Alena

    http://dataentryjob-s.com

    ReplyDelete
  33. I've taken some creative writing classes, and an on-line writers course. I learned quite a bit actually from the course, but if I'd just bought the books on writing, I would have learned the same info. We posted our writings for us to critique each other's work, but most of my fellow students wouldn't give feedback. I did because it was part of the experience, in my view.

    I've gotten more out of reading recommended books on writing, joining a critique group, and attending a conference than I did from the paid class, though I don't regret the experience. It was fun, and helped me create a little writing discipline. I have one more course I'd like to attend - but its 12 weeks and a little expensive and I'm not sure I have the time to devote to it. It's like the creative workshop Simon Larter is currently attending.

    I don't believe a writer needs the MFA, or even a whole bunch of classes to be a good writer (fiction or non). It would be different if you were trying to actually teach on your blog, or were writing a book about writing. But just to share what you've learned, your own experiences with your WIP or books you've found helpful, nah. I like hearing from other aspiring writers what their process is.

    ........dhole

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  34. hehe. I didn't get a chance to read your post earlier when I dropped you the comment, but I had to come back to see why everyone's comments were SO long. And funny enough, my answer to your questions are in my post, which you already read, and was the whole point of my first visit. Funny how things work out.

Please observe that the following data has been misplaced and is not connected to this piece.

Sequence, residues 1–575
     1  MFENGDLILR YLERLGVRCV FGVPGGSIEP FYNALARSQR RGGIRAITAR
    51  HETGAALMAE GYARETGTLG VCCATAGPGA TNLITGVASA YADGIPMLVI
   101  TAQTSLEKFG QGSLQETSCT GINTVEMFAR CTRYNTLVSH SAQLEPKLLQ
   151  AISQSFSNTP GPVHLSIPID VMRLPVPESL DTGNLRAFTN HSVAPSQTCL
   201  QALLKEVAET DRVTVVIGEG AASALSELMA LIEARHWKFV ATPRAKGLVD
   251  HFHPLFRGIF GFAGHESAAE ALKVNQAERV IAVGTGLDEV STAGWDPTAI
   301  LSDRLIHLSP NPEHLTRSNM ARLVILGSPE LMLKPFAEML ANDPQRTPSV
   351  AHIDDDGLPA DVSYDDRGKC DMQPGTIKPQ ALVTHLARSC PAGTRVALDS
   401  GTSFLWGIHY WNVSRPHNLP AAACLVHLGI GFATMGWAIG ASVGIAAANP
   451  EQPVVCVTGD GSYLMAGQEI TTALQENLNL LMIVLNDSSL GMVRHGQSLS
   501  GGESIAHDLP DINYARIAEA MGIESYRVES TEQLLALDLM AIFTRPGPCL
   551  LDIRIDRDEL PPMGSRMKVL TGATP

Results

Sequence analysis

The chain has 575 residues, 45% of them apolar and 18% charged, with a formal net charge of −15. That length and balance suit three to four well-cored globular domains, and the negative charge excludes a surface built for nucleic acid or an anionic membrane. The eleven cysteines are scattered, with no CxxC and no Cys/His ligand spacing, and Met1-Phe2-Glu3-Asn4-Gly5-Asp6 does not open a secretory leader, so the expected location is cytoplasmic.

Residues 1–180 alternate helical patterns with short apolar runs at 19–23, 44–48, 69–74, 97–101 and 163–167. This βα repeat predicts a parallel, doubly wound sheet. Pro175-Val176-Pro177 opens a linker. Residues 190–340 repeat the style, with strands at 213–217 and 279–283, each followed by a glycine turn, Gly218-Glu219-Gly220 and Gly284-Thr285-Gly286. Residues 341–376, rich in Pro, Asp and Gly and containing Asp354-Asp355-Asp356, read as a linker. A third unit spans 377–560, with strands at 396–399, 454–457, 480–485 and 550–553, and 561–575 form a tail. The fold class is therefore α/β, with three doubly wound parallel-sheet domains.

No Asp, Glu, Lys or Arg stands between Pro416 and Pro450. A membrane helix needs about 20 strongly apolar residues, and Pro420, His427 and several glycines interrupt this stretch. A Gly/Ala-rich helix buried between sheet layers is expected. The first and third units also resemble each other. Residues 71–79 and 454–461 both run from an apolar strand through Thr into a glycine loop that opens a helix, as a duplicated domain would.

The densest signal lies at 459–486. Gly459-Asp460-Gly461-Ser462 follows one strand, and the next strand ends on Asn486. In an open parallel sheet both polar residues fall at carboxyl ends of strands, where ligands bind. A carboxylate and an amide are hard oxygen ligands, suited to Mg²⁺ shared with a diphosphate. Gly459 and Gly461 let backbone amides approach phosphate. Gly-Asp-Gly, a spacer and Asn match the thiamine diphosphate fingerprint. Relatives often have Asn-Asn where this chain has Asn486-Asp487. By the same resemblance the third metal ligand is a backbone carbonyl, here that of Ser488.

And I LOVED the creative writing class I took. It was SO much fun, I definitely encourage the idea :)

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  35. I have zero training, just love to write. In college now going for my degree in English.

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  36. My 2 cents...

    I think that in creative arts inspiration is the main driving force - this and the non-definable quality which compels us to do something (be it write, paint, compose music, and so on).

    Books and classess can be helpful in refining this drive, giving it a more focused direction, but the rest must come from us.

    I've never read books on how to write, but I found King's "On writing" very helpful about the kind of mind-set you need to channel that driving force into your work.

    Sorry for sounding so...Yoda-like! LOL

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  37. I recently came across your blog and have been reading along. I thought I would leave my first comment. I don’t know what to say except that I have enjoyed reading. Nice blog. I will keep visiting this blog very often.

    Alena

    http://dataentryjob-s.com

    ReplyDelete